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Preparing to rebrand or create a new image for your business

Shane Fox

Getting a brand image for a business it absolutely fundamental.

You only have to look at a brilliant example of when it goes horribly wrong (and then right again) and what happened to British Airways in the 90s. Someone, somewhere thought that the nation’s favourite airline needed the royal-looking crest, Union Flag colours and general company image of high quality and class, updating. They spent millions and millions removing the Union Flag from the tails of all the aircraft and replaced them with, well, what can only be described as junior school artwork.

However, because it was instigated by the over-paid creatives at one of the world’s biggest agencies, it was sold to BA, implemented and spread across the entire corporation. Oh dear. Well, as the share price slipped with the general image of aviation dipping (and a threat from those cool dudes over at Virgin wanting to nick the Union Flag for their fleet), BA finally took back the National Flag-style branding and back to The Nation’s Favourite Airline they went.

Whether you are a local SME or a multi-national corporation, the principles of creating a new brand (or redoing a cocked-up one) are exactly the same.

Here’s our starter for ten that will get any sized business off the ground when it comes to creating that all-important new brand image.


1. Background & Overview:

– What’s the big picture?
– What’s going on in the market?
– What is it you’re going to deliver that’s different?
– What are the opportunities or problems in the market?

This is where you introduce the project to the creative team. You’ll go over this again in the briefing session, but write it down as well. If you write it down before meeting with the creative team, it will help you form what it is in your own mind before you have to explain it.

Example: You are a pharma company and want to launch a new line of household cleaning products under the brand name “Clean-o”. The marketing problem is the rapid rise of competitive brands like “Brighter” and are capturing a younger market. Your business goal, therefore, is to create a product brand (with the help of your creative agency) that will appeal to this generation of new consumers.


Objective: what is the goal?

Write a concise statement of the effect the brand should have on consumers. Typically expressed as an action, response and feeling.

Example: The primary objective is to persuade the audience to buy a new brand of washing powder called “Clean-o”, and to create and characterise this new brand so that it represents what the company and product stands for so that its consumers can relate to the brand.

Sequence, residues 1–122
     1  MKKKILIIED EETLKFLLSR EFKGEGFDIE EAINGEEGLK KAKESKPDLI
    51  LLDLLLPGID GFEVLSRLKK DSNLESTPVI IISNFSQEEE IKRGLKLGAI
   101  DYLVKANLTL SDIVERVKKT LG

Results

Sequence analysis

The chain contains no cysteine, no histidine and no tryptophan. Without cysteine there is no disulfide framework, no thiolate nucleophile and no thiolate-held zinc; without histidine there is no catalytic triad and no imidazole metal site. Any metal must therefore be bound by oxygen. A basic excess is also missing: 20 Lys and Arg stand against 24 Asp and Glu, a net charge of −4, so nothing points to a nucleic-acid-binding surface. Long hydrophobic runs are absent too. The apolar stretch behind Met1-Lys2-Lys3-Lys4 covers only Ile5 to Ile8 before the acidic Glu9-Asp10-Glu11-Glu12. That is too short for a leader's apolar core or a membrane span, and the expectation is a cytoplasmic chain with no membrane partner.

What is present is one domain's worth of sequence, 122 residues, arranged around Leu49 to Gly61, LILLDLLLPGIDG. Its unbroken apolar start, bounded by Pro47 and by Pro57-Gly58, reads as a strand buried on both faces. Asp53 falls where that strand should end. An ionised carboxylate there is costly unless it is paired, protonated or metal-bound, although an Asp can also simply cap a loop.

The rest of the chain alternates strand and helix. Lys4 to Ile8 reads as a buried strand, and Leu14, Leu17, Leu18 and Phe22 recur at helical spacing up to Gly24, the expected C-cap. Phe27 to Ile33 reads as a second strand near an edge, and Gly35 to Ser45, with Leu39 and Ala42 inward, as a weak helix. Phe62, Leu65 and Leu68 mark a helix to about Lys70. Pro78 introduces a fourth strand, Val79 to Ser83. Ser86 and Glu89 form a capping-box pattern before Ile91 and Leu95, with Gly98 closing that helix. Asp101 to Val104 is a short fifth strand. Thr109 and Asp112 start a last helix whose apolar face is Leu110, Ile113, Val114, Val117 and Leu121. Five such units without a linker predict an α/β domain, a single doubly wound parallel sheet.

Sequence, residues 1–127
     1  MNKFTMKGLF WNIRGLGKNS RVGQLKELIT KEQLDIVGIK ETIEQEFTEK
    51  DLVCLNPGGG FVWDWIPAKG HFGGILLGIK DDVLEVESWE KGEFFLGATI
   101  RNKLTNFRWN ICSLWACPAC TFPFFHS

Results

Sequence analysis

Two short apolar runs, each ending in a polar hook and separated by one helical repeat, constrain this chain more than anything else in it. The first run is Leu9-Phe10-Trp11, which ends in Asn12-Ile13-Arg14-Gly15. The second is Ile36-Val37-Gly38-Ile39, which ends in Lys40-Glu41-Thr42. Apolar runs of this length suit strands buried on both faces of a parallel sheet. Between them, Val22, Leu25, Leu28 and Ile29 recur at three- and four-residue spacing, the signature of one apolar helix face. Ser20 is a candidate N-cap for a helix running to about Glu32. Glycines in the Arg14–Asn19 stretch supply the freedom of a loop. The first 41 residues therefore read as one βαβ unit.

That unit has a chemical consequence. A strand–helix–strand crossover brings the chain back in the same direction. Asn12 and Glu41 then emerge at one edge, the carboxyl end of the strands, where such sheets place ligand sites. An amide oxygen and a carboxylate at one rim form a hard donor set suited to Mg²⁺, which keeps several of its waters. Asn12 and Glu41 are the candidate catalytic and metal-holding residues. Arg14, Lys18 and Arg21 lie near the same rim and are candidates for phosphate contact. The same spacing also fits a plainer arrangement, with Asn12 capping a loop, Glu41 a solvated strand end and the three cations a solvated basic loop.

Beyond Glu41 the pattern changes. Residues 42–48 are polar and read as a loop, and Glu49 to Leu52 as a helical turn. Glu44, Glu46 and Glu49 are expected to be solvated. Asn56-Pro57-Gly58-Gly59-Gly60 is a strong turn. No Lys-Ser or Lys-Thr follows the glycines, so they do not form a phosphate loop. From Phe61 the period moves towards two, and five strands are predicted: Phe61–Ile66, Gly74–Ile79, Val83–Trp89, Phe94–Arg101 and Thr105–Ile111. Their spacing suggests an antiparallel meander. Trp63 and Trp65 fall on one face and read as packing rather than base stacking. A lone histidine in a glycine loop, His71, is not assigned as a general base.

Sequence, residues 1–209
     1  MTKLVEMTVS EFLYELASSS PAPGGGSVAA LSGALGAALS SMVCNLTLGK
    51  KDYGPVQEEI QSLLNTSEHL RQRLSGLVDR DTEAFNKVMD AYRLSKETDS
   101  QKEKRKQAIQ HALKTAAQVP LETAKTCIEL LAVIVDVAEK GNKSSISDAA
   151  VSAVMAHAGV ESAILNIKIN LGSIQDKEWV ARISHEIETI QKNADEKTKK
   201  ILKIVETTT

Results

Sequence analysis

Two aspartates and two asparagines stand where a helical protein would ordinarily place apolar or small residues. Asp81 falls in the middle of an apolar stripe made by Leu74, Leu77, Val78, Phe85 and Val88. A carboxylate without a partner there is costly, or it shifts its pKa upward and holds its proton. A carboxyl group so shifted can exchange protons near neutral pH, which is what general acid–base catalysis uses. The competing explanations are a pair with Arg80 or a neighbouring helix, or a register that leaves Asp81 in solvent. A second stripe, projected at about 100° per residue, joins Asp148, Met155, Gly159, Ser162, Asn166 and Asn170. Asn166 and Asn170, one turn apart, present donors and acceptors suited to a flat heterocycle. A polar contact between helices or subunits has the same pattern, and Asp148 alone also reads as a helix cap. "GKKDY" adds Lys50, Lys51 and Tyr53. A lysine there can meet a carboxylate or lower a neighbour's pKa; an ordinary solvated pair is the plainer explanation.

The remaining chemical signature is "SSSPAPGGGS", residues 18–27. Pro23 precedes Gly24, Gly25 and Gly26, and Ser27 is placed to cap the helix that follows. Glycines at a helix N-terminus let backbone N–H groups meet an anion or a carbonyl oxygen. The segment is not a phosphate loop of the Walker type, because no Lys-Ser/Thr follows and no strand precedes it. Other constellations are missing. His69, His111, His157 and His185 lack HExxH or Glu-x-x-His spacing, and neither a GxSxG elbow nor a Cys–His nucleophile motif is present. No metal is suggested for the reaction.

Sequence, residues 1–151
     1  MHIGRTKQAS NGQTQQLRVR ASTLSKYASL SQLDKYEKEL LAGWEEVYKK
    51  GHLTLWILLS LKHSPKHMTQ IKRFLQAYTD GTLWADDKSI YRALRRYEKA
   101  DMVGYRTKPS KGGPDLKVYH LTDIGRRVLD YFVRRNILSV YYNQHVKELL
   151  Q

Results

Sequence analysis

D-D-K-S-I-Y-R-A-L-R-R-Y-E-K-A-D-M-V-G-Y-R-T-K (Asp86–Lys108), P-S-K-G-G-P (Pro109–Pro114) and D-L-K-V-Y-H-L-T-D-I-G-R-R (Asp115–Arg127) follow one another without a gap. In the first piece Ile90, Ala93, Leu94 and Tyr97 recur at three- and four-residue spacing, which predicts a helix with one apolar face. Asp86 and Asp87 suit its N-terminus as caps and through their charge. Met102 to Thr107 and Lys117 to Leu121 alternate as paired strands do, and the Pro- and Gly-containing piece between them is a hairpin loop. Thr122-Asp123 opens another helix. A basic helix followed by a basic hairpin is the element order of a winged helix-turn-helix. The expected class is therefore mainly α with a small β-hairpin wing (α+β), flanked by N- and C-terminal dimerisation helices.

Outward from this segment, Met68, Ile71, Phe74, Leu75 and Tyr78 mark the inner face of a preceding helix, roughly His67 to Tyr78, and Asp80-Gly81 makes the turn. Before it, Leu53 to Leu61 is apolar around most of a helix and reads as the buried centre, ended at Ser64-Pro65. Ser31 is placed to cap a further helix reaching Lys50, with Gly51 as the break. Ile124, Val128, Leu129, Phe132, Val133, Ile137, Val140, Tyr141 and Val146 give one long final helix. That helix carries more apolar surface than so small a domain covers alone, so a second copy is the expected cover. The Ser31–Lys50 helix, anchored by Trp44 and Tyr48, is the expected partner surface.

Modern consumer markets with products from hi-tech digital devices to washing powder need to be apathetic to the consumer whilst also setting certain aspirational guarantees.


Target audience: to who are they talking?

An audience profile is more about how real people think, feel and behave than it is about numbers and percentages. The aim here is to paint a portrait of the audience – a verbal picture that the creative team can talk to and visualise.

Start with a few basics:

– Who are they?
– Where are they?
– How will we communicate with them?
– What else do we need to know about them?

Tips: Go beyond basic age, location and gender data to humanise demographic details with insights and lifestyle information. One way to do that is to explain how the audience currently thinks, feels and behaves in relation to the product category, to competitors, as well as to the client.

Example: We are looking primarily at urban women, 24 – 45, with household incomes over 50K per year. But the most important fact about this audience is that it is evolving, with race and ethnicity reflecting the increasing diversity of the UK population. The magic word is “multicultural.” We are not talking to white suburban housewives any more. At the same time, they buy cleaning products to clean. They won’t use weak or expensive products just because they are labelled ‘environmentally friendly’.

Keep in mind this audience does not have strong opinions or feelings about the product category (washing powders) and tend to use the same products out of habit.

What you like, what you don’t and why

One of the important things the creative team will want to know is if you have any pre-conceived ideas about what the new brand should look like. All-too often creative teams have wasted valuable time, effort and client budget on a rebrand and have come up with ideas based on the brief presented, only for them all to be rejected with the comment ‘”that’s not what we had in mind”. The natural (and correct) response is always – “well, what did you have in mind? Maybe you should have mentioned this in the briefing”.

So, to avoid those uncomfortable silences in the presentation, explain in the brief or meeting

  1. The brand images you like – the ones that you think represent a company well and the reasons why you like it.